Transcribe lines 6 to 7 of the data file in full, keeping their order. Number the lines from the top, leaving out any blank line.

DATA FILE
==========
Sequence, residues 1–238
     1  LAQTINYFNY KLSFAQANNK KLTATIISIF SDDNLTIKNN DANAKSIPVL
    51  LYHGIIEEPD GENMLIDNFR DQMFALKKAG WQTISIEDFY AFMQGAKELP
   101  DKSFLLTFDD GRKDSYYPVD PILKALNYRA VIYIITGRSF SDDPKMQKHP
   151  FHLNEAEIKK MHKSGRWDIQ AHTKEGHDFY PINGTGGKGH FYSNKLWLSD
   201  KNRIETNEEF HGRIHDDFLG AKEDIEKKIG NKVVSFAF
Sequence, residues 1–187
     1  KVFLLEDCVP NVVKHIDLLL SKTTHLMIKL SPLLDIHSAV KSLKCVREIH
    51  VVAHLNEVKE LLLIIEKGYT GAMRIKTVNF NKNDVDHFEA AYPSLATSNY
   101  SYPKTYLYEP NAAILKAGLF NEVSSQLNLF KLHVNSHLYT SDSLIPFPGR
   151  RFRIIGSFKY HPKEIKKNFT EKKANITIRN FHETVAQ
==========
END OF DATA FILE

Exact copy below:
   201  KNRIETNEEF HGRIHDDFLG AKEDIEKKIG NKVVSFAF
Sequence, residues 1–187